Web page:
With the rise in government subpoenas directly to individuals demanding that they turn over their private text messages on their personal cell phones, lawyers should be on the lookout for potential Fourth Amendment violations. The U.S. Department of Justice (DOJ) and U.S. Securities and Exchange Commission (SEC) practice of subpoenaing private text messages directly from individuals has become so commonplace that individuals often turn over their text messages as readily as they would any other document requested. In many circumstances, though, the government needs to get a warrant to obtain text messages stored on a personal cell phone. A subpoena is not sufficient.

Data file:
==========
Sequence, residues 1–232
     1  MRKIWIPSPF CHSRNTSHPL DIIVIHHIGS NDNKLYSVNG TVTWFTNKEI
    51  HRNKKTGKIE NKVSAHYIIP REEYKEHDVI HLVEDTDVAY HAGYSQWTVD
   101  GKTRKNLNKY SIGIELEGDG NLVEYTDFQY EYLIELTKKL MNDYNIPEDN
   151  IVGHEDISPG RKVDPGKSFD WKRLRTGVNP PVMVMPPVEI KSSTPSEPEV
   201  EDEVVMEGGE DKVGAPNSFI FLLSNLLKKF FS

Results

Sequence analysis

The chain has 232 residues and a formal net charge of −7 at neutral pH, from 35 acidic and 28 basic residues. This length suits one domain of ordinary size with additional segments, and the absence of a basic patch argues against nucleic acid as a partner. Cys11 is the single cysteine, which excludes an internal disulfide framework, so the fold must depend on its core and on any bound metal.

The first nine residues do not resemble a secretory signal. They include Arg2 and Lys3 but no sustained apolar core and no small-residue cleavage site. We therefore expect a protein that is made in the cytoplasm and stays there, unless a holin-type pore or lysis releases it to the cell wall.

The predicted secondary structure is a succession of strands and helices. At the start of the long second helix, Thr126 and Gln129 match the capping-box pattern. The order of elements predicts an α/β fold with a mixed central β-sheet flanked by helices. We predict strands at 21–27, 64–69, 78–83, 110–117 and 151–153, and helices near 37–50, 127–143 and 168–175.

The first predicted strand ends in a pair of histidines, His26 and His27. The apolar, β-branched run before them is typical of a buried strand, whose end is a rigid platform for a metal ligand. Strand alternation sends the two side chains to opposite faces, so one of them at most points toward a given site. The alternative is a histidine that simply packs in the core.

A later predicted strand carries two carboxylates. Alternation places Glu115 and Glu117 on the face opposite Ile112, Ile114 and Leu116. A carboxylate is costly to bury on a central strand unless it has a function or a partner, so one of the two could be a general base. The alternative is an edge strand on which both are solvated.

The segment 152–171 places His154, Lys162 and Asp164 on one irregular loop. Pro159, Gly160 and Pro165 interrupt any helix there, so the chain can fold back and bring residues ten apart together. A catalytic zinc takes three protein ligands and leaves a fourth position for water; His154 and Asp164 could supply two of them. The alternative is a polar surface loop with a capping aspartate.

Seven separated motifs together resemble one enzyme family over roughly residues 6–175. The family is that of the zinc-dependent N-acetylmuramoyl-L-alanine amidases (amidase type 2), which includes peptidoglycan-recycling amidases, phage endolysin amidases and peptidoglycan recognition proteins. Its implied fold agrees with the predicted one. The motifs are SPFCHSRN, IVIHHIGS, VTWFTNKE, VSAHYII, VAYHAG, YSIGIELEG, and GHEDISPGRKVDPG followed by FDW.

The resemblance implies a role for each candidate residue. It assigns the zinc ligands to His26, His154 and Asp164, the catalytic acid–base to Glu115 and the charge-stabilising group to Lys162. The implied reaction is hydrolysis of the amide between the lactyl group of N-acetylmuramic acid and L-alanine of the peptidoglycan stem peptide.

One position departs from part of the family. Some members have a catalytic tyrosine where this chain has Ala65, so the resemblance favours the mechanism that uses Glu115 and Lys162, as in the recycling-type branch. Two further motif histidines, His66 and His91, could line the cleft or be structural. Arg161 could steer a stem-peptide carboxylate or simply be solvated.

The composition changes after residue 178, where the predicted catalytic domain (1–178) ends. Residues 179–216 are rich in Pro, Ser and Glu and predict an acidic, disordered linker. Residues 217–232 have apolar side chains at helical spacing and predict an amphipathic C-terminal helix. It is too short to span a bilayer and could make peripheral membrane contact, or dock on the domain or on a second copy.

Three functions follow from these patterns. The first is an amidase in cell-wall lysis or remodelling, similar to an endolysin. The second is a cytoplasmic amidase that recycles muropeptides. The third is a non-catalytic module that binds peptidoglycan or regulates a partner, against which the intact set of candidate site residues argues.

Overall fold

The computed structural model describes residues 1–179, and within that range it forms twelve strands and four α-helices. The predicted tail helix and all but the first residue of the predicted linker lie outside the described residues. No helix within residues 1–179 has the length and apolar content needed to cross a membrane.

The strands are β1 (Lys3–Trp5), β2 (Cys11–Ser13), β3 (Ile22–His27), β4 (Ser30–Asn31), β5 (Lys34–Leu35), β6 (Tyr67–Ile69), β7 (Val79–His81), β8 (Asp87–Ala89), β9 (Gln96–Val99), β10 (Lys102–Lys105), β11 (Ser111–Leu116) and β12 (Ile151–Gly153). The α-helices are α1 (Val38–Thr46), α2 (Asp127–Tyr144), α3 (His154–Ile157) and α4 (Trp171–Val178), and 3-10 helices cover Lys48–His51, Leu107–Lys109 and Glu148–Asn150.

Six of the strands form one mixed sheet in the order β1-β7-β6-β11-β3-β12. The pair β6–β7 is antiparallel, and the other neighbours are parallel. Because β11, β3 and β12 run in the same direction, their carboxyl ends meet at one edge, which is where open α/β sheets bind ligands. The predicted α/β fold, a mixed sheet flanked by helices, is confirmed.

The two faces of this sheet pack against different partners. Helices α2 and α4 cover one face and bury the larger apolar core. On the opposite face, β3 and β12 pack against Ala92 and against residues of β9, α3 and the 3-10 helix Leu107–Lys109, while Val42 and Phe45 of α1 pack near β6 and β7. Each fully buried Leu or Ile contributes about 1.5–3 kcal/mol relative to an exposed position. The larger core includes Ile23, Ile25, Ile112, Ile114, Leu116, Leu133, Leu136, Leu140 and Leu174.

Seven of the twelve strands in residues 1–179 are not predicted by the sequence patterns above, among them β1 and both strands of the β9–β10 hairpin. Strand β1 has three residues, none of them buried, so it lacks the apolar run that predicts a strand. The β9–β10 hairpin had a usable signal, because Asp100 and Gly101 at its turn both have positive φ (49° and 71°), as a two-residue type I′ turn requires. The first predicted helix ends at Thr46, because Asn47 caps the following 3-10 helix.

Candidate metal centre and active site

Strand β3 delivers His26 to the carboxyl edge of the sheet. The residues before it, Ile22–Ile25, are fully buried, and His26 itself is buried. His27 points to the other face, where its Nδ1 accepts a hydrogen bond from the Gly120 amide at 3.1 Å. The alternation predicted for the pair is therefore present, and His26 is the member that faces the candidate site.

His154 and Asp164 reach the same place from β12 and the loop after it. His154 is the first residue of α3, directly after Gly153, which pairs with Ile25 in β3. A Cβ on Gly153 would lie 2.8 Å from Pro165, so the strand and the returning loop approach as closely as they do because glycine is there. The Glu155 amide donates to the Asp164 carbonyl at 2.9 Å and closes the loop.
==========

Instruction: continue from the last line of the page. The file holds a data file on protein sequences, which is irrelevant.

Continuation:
This article examines Supreme Court precedent requiring a warrant to search a cell phone, and what lawyers should consider when counseling clients on whether they should turn over text messages in response to a government subpoena.